Albany brought back to reality by challenge of top seed Florida

DJ Evans of the Albany Great Danes celebrates

DJ Evans of the Albany Great Danes celebrates their 71-64 win over the Mount St. Mary's Mountaineers during the first round of the 2014 NCAA Men's Basketball Tournament at at University of Dayton Arena on March 18, 2014 in Dayton, Ohio. (Credit: Getty Images / Gregory Shamus)

ORLANDO, Fla. - Albany coach Will Brown said he had about 15 minutes Tuesday night to savor the Great Danes' first NCAA Tournament victory before his 11-year-old son, Jackson, brought him back to reality.

"He said, 'Dad, we play Florida now?' I said 'Yes,' and he said, 'Are we going to get killed?' " joked Brown, whose team will face the No. 1 and top-seeded Gators around 4:35 p.m. at Amway Arena Thursday. "I smiled and said, 'We'll be OK, buddy. Don't worry about it. We'll watch some film and I'll let you know how we'll do.' "

As if facing the top seed with a 26-game winning streak weren't daunting enough, Albany did so from the First Four in Dayton, using only seven players in a 71-64 victory against Mount St. Mary's, then flying to Orlando late enough that players arrived at their team hotel at about 3:30 a.m. Wednesday morning.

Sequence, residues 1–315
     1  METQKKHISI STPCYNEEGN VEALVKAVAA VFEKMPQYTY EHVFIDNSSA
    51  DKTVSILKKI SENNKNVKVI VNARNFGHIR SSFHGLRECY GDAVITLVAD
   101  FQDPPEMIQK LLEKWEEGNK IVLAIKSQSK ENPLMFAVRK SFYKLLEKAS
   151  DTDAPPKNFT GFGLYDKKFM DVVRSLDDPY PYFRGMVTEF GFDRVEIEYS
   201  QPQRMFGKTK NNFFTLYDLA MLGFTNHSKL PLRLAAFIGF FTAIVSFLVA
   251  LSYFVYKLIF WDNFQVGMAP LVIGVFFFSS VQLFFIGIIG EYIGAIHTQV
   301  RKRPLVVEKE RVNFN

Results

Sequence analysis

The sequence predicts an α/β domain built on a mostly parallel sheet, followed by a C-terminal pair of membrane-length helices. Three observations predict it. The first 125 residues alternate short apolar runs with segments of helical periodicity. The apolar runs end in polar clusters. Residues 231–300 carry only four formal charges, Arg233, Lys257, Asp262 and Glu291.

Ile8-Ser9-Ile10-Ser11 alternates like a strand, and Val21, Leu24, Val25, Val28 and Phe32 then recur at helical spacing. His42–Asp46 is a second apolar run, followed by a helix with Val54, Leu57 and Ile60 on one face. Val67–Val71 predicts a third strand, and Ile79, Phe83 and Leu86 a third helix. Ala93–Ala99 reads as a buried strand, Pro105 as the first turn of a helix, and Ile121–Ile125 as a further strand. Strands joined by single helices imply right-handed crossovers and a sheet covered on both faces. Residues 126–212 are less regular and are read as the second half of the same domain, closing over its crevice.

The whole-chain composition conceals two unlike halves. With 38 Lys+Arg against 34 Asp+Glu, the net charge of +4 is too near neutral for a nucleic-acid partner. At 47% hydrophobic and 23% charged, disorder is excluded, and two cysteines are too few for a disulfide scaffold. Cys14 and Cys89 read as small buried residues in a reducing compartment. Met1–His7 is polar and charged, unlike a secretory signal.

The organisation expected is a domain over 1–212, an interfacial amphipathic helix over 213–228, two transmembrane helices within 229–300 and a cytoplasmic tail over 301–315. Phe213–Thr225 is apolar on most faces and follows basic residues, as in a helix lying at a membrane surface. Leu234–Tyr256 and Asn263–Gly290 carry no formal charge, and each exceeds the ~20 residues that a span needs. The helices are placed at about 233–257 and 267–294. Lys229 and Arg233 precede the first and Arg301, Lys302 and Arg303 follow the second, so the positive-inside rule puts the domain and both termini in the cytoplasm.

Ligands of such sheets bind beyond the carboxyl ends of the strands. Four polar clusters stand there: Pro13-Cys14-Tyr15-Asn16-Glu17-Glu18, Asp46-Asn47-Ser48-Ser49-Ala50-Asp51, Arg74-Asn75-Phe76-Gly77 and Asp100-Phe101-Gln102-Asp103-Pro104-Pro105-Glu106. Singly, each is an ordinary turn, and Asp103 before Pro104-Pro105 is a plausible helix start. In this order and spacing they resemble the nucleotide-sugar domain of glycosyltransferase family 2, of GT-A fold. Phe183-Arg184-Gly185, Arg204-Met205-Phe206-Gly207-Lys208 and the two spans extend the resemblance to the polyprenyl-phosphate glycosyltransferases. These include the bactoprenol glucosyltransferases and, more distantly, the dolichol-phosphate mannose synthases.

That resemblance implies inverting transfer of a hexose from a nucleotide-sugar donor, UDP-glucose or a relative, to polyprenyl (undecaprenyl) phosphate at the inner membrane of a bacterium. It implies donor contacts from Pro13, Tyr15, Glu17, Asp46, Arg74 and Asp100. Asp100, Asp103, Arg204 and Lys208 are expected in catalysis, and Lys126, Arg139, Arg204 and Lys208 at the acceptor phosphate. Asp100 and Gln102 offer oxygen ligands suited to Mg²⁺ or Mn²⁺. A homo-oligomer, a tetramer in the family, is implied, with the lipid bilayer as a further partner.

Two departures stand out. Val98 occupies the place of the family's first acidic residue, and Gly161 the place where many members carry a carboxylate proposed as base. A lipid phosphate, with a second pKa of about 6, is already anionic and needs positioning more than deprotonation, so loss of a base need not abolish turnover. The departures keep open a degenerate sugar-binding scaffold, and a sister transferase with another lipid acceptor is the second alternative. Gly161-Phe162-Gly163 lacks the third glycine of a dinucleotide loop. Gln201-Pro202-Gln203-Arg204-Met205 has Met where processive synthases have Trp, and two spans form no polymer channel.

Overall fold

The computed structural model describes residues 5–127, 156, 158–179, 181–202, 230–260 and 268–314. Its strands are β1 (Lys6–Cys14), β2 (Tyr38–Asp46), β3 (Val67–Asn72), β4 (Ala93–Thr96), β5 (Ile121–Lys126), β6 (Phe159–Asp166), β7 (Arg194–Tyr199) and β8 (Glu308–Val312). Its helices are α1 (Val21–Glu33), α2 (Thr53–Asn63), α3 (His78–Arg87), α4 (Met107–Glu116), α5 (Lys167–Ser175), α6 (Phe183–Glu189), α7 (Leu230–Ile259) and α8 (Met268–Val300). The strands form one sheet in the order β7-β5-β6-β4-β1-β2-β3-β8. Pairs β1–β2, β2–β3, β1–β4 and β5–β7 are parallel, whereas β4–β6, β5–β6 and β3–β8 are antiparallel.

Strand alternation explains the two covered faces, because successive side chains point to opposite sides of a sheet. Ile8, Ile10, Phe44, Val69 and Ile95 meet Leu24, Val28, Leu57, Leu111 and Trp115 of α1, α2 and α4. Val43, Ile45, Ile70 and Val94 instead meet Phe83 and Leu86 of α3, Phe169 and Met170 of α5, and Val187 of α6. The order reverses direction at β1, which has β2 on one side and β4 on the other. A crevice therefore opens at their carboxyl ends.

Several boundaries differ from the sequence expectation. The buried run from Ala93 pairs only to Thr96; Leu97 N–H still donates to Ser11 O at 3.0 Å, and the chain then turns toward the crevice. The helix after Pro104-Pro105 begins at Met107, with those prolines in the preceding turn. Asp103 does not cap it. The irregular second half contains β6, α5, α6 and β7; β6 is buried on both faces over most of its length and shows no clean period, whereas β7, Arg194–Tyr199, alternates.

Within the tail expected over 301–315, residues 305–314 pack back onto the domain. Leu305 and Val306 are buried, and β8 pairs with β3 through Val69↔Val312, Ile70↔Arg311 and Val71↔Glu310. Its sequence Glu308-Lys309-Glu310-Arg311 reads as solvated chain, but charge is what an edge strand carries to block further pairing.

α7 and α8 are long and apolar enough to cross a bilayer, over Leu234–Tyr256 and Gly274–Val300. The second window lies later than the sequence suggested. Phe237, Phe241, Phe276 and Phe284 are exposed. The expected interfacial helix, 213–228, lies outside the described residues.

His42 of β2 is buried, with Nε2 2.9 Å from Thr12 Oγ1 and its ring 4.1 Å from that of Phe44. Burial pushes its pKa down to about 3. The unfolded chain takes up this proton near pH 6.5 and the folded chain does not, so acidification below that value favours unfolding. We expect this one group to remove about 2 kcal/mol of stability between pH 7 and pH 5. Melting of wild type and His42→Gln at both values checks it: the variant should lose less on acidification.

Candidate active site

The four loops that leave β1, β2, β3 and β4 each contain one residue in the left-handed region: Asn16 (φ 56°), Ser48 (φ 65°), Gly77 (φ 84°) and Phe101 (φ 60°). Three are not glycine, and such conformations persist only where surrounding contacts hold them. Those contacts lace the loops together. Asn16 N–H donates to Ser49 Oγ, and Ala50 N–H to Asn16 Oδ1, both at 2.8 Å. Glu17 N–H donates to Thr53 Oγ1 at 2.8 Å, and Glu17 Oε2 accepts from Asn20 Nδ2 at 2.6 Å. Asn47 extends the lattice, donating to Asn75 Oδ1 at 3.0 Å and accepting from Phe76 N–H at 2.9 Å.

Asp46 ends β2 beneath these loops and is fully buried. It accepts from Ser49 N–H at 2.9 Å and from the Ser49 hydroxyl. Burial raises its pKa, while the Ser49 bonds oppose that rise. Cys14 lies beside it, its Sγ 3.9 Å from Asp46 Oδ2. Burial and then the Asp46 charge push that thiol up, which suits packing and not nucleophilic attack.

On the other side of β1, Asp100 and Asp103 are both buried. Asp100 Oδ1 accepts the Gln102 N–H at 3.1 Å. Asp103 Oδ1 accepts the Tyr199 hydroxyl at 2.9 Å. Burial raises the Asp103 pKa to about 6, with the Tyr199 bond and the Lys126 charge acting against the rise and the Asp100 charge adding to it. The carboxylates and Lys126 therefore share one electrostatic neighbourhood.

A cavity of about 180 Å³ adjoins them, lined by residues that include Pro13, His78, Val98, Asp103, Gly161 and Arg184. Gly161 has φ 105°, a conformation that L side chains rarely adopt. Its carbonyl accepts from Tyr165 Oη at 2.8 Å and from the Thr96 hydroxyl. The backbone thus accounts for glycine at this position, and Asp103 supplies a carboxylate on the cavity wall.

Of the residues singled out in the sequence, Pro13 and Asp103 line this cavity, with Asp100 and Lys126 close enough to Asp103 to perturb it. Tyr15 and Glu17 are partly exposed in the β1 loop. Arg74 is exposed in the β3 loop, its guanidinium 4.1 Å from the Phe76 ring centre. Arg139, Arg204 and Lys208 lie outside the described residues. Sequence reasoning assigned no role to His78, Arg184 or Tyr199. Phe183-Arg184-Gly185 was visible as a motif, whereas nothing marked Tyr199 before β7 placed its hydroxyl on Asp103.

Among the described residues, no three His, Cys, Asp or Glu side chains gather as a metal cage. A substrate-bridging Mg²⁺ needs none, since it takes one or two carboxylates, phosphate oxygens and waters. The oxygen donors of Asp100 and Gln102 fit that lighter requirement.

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"They're the best team in the country," said Brown, a Long Island native from Miller Place who played at Division II Dowling College. "What's so impressive about Florida is they bring it every night."

Their roles are clear as tournament favorite and extreme underdog, but Gators coach Billy Donovan isn't about to treat the Great Danes as a walk in the park.

"They've earned the right to play the game," Donovan said. "They've had a heck of a year. They've gone into their conference tournament and had to win a championship on the road. I think that says a lot about their kids' character. It says a lot about the job Will has done."

Albany is a relative unknown as NCAA teams go, a foregone conclusion for fans filling out brackets. The Great Danes are a colorful lot -- their top two players, guard Peter Hooley and Sam Rowley, are two of four Australians on the roster, which has players from Denmark and the Republic of Georgia.

The Gators have the burden of knowing a No. 16 seed has never beaten a No. 1, even if they're not acknowledging any added pressure of being the tournament's top overall seed. Asked about the specter of being a No. 1, guard Scottie Wilbekin was literally unaware.

"The specter? What does that mean?" he asked. "We try not to think about that. Coach D does a good job of reminding us that no matter what the rankings are, every year, there's upsets. Anything can happen, anybody can beat anybody, so we've got to be on our toes no matter what."

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